Suppose a traditional software developer which follows the below steps as the development process.
  1. Checkout a remote SVN/Git repository to the local file system 
  2.  Improve the code in the local repository 
  3. Test the code in local repository 
  4. Push the modifications back to the remote repository, so others can update those modifications 
Then pushing those modifications to the production deployment is handled by a separate deployment engineering team. As developers only test their modifications in a local environment rather in the production environment, there can be bugs introduced in the production environment. This is mainly due to configuration differences between the local test environment and the production environment. This sort of bugs cause a lot of friction in the deployment process.

Docker tries to tackle this. Comparing with a source code repository system (SVN/Git) which manages the source code, Docker manage the complete software deployment (i.e. source code, configuration) as a "Container". This ensures every developer test their code in a developer environment exact similar to the production environment.

When it comes to maintaing the configuration of components with in the Container, it follows a JSON representation as follows.

Wednesday, January 22, 2014

WS-BPEL 2.0 Beginner’s Guide

Professor Matjaz B. Juric and I authored the book, titled "WS-BPEL 2.0 Beginner’s Guide". This book will be available in the near future and you can pre-order via PACKT Publishing site. We started working on this since 2012 and I would like to thank all who are behind the success of this book.


What you will learn from this book
  •     Design and develop WS-BPEL 2.0 executable business processes
  •     Get familiar with BPEL 2.0 activities and the most important usage scenarios
  •     Develop a BPEL process to invoke other services and orchestrate them
  •     Learn how to declare variables and store, assign, copy, and manipulate data within variables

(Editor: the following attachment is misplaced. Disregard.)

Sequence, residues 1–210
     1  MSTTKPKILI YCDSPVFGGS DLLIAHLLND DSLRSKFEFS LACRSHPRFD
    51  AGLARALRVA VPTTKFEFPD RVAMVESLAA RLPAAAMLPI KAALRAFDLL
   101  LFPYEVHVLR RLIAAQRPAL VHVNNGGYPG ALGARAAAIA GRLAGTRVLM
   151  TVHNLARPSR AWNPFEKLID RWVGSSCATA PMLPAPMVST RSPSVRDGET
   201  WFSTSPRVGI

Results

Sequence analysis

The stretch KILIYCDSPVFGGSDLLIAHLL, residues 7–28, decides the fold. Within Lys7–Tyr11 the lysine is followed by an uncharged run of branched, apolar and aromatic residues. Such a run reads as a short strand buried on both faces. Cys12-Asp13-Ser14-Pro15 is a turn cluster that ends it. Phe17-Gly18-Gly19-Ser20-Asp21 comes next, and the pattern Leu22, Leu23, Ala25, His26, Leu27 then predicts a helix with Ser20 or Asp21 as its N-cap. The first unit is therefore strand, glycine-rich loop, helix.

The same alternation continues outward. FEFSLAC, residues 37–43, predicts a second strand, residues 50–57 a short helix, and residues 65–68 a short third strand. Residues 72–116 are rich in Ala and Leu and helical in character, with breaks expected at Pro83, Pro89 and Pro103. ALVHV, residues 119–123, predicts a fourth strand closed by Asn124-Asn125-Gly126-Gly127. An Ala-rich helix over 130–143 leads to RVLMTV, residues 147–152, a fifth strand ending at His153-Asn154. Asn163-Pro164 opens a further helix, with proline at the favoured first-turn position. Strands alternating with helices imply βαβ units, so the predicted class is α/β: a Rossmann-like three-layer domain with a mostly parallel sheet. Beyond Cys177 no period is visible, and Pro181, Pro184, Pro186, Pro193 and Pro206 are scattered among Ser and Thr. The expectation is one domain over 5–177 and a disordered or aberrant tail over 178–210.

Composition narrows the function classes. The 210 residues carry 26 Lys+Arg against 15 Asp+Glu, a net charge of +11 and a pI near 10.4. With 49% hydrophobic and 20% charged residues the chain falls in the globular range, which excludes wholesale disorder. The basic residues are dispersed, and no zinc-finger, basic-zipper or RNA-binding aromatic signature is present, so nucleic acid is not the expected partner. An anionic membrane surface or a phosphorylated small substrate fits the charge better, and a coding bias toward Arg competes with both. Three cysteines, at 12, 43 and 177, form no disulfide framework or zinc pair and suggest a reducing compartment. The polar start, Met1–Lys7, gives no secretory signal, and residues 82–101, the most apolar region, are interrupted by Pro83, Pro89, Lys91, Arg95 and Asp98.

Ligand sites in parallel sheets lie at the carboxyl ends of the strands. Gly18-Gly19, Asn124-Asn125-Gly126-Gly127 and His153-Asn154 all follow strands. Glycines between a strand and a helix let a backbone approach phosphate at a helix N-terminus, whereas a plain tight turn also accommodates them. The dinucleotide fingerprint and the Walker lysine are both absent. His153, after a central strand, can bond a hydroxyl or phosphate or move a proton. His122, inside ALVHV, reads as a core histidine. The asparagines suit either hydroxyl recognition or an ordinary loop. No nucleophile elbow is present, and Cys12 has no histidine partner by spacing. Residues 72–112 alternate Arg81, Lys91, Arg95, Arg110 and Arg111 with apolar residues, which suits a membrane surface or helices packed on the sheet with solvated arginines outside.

•     Understand conditions and learn how to use the activities and loops
  •     Invoke external web services using asynchronous communication channels
  •     Recognize fault-handling capabilities to manage faults and to avoid unexpected states
  •     Organize a BPEL process into hierarchical orders using Scopes
  •     Define repetitive tasks in sequential or in parallel using dynamic parallel invocation activities

In Detail
Business Process Execution Language (BPEL, also known as WS-BPEL) has become the de facto standard for orchestrating services in SOA composite applications. It enables automation of business processes, reduces the gap between business requirements and applications, and allows better alignment between business processes and underlying IT architecture. BPEL is an open specification and one of the most important pieces of SOA. Therefore, learning BPEL is essential for successful adoption of SOA and for the development of composite applications.

This book provides a fast-paced practical introduction to WS-BPEL, one of the centerpieces of SOA. It covers the most important features of BPEL 2.0 and provides several real-world examples to underline its concepts. In addition to BPEL specifications, the book provides comprehensive coverage of BPEL support in JDeveloper and Oracle SOA Suite.

This book starts with an introduction to BPEL. It first teaches you how to develop your first BPEL process and understand the basic structure of BPEL processes. It will then move on to explain the core concepts such as invoking services, synchronous and asynchronous processes, partner links, the role of WSDL, variables, flows, and more.

Moving ahead, this book will make you familiar with concepts such as human tasks, fault handling, transaction management and compensation handling, scopes, events and event handlers, concurrent activities and links.

The book takes a fast-paced practical approach to WS-BPEL design and development based on practical examples and clear descriptions of the most important usage scenarios. This book is all you need to get up and running with WS-BPEL development.

Approach
A systematic guide for beginners which focuses on getting you up and running with building BPEL processes and learning the BPEL language with clear instructions and examples.

Who this book is for
If you are a software architect, a designer, a software developer, an SOA and BPM architect, a project manager, or a business process analyst who is responsible for the design and development of business processes, composite applications, and BPM/SOA solutions, then this book is for you. You should have a clear grasp of general SOA concepts including business processes and web services, but no prior knowledge of the BPEL language is required.

Tuesday, December 17, 2013

Time-lapse photography tryouts

I am working on few time-lapses these days. All shots were taken in Randwick, Sydney.